Marching Unit Dazzles at Music in the Valley

There are so many sights and sounds that make fall in our area the best time of the year.

The leaves turning colors into a magnificent red, gold, and brown rainbow.

The unmistakable roar emanating on a Friday night from Keenan Stadium as the Vikings battle on the gridiron almost shaking the foundation.

There is another sound that echoes throughout the hills and fields of the Perkiomen Valley that indicates fall is in full force, the haunting cadence of the Vikings Marching Unit drum line that can be heard any night miles from the high school.

Of course, the marching unit field show, which they rehearse starting in August, fills the void at halftime during the Pioneer Athletic Conference home games, but that is not where it ends.

As November approached, the marching unit sets their sights on a championship of their own, namely the U.S. Bands National Championships Open Class held in Met Life Stadium (home of Super Bowl XVIII) on Monday, November 1.

The “Music in the Valley” showcase which was held on Saturday, October 9th in Keenan Stadium is a dry run for the Vikings championship quest, as Perk Valley performs in exhibition status while bands from Central Bucks East, Rustin, Quakertown, North Penn, and Delaware Valley regional threw down their best beats and choreography to impress the adjudicators from U.S. Bands.

For the PV senior members of the marching unit which numbers 40 or so performers including musicians, flags, and rifles, this year had extraordinarily special meaning to all involved following the 2020 competition being scrubbed due to COVID-19.

“It was so important to me to have this chance to perform tonight,” said Perkiomen Valley senior Jake Miley. “We are like a family pretty much and last year was very hard on us.” “I am very excited about tonight and the weeks coming up,” said Miley, who was featured in a trombone solo. “We have next week at North Penn’s showcase, then homecoming, and then [we] have the Nationals Regionals.” 

Marching unit director David Overholtzer outdid himself this year with a field show highlighting the fact that the words people say are important and they can create glory or cause great hurt and distress.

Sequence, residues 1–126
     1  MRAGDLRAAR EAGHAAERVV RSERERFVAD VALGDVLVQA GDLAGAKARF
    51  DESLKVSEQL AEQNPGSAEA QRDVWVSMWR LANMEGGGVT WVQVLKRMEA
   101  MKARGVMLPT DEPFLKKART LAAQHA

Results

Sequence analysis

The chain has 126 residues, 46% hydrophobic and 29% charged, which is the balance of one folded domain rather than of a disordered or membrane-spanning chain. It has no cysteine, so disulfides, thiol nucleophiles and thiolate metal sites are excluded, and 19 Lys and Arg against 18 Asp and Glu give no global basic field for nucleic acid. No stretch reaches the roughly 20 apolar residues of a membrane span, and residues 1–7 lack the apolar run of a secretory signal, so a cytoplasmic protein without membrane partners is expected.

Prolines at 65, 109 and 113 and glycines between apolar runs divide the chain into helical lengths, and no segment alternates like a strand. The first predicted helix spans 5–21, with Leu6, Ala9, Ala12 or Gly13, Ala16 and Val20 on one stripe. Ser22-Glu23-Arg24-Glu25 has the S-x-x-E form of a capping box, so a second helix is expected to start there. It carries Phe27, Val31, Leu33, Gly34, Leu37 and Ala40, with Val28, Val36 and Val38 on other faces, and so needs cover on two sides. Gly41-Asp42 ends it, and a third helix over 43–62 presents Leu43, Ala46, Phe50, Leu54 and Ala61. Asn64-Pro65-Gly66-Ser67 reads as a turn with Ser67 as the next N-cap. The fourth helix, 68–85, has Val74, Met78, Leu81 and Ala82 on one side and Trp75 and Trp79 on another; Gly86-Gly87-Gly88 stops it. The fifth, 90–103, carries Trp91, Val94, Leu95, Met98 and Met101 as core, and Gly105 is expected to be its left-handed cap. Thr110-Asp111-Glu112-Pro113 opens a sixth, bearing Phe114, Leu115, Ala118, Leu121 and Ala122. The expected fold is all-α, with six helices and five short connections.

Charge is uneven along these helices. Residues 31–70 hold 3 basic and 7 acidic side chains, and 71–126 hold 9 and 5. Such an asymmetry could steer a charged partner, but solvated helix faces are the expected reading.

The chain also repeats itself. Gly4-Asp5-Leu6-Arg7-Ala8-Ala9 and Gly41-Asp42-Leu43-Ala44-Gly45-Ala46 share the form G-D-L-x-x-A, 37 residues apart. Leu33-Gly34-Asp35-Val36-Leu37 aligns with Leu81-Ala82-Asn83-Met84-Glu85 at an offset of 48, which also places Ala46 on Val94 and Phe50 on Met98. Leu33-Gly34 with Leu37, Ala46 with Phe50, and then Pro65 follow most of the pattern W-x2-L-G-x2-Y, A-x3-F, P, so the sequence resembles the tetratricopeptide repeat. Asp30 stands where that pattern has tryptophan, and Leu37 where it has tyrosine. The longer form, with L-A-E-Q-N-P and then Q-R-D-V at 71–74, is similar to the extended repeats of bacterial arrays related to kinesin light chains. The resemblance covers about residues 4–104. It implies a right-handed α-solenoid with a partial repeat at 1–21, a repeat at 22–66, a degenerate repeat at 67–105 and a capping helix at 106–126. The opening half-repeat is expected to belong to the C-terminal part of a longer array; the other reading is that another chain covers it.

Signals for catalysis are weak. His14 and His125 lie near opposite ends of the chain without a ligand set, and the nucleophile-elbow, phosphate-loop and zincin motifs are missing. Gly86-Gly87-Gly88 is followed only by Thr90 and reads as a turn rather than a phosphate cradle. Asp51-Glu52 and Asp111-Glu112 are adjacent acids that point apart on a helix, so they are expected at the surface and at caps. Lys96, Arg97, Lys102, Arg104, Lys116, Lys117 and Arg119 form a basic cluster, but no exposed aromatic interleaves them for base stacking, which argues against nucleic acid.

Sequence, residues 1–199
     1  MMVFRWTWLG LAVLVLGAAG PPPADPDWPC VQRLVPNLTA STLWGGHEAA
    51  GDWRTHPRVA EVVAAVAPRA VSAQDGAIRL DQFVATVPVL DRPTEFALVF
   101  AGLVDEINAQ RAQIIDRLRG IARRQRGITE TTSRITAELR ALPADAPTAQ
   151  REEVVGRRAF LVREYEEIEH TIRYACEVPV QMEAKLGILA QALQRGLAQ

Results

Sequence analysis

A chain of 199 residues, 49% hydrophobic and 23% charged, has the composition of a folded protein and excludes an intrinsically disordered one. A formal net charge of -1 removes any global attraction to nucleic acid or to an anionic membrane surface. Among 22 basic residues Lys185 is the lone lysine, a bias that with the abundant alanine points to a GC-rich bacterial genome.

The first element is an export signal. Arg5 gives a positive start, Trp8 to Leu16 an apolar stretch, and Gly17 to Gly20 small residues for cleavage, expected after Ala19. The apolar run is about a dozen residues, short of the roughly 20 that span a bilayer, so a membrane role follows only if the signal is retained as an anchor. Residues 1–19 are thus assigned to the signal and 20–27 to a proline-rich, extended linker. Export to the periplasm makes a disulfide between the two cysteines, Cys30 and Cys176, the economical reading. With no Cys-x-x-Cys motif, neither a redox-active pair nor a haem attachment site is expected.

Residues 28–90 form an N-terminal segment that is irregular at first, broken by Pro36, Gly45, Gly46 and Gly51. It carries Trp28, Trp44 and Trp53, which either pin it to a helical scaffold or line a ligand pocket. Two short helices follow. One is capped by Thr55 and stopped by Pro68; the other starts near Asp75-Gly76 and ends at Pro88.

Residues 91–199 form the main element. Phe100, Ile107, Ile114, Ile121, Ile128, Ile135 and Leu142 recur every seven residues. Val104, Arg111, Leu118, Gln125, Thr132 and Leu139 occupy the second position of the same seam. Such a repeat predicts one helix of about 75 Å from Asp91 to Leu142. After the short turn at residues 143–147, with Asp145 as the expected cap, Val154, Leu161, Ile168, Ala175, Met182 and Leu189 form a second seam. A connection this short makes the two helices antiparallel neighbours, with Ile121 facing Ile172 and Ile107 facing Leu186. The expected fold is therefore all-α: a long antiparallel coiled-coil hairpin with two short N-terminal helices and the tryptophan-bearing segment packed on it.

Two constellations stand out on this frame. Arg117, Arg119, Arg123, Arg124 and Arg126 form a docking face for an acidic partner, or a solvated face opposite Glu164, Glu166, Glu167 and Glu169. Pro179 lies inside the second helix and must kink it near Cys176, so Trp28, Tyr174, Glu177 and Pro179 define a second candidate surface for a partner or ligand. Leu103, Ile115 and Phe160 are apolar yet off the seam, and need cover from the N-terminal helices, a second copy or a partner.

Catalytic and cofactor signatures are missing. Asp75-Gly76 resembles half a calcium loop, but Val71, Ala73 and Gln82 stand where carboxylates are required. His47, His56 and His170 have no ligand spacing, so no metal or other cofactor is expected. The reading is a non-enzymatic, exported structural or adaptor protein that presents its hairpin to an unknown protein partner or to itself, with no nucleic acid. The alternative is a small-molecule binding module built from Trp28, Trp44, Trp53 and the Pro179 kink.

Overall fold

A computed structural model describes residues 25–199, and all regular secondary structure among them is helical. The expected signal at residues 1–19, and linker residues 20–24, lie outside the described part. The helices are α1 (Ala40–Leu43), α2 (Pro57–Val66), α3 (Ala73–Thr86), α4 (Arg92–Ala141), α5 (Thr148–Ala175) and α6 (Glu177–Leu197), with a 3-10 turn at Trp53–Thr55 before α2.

Not to give away the secret sauce, but the band, on-field percussion section, and the color guard are all donning costumes that are covered with words, lots of words that have an impact in today’s social media world.

The show starts with a clip of John F Kennedy’s famous “Ask not what your country can do for you” speech and takes the listener on a journey with memorizing sound and precision choreography emerging from the initial courtroom set-up scene in which a judge and jury are present.

“We have been waiting two years to do this show,” said Viking class of 2022 member Sydney Chace. “With COVID and everything, I am just so happy to be out here on the field.”

Friday night’s “Pink Out” game will be the final tune-up for the hard-working, dedicated group known as the Perkiomen Valley Marching Unit.

“This is something we have been looking forward to,” added Chace. “We have had in the forefront of our minds, but to actually be back out here on the field has been amazing, I love this group like my family.”

As the Valley is consumed by youngsters in costume looking to fill their Halloween bags with candy Sunday night, the hard-working volunteers that comprise the parent army that supports the marching unit will be loading up the Perkiomen valley Music truck and getting ready to head up the Turnpike in search of only treats as the Vikings take the field in East Rutherford, NJ.

The US Bands nationals regional presented a grueling schedule of events that feature bands, drum lines, and marching units from all over the country performing from 9:00 am until long after the lights came on at about 11 pm.

“I am so excited about the nationals,” said Jake Miley. “It will be will be magical as it will be my final performance at Met Life Stadium.”